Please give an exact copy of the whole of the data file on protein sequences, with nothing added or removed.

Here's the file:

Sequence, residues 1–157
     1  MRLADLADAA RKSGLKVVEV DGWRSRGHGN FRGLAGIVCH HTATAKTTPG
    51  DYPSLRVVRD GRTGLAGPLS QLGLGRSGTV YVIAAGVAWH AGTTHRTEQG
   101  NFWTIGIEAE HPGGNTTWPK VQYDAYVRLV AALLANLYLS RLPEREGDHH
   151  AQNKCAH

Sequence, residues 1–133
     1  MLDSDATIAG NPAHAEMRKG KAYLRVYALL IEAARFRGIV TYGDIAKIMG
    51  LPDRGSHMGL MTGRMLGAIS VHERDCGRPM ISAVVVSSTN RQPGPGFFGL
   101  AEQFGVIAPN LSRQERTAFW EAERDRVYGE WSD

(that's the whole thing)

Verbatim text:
Sequence, residues 1–157
     1  MRLADLADAA RKSGLKVVEV DGWRSRGHGN FRGLAGIVCH HTATAKTTPG
    51  DYPSLRVVRD GRTGLAGPLS QLGLGRSGTV YVIAAGVAWH AGTTHRTEQG
   101  NFWTIGIEAE HPGGNTTWPK VQYDAYVRLV AALLANLYLS RLPEREGDHH
   151  AQNKCAH

Sequence, residues 1–133
     1  MLDSDATIAG NPAHAEMRKG KAYLRVYALL IEAARFRGIV TYGDIAKIMG
    51  LPDRGSHMGL MTGRMLGAIS VHERDCGRPM ISAVVVSSTN RQPGPGFFGL
   101  AEQFGVIAPN LSRQERTAFW EAERDRVYGE WSD